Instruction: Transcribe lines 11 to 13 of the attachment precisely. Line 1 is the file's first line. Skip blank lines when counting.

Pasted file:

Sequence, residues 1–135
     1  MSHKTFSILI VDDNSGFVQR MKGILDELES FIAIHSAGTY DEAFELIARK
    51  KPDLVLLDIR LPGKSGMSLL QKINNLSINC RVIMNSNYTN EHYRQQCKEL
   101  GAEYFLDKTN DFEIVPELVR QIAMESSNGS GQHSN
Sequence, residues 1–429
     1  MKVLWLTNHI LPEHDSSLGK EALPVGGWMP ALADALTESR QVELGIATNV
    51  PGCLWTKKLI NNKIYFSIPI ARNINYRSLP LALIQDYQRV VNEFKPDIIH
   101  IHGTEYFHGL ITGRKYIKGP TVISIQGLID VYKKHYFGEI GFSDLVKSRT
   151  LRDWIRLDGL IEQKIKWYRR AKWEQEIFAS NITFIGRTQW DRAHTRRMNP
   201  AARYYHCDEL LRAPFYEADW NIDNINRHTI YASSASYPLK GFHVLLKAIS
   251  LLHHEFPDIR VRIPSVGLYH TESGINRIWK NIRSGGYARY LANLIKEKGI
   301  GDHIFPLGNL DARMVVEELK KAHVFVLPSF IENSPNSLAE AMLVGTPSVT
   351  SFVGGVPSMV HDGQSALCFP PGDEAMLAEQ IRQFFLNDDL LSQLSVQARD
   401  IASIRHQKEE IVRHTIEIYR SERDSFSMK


   251  LLHHEFPDIR VRIPSVGLYH TESGINRIWK NIRSGGYARY LANLIKEKGI
   301  GDHIFPLGNL DARMVVEELK KAHVFVLPSF IENSPNSLAE AMLVGTPSVT
   351  SFVGGVPSMV HDGQSALCFP PGDEAMLAEQ IRQFFLNDDL LSQLSVQARD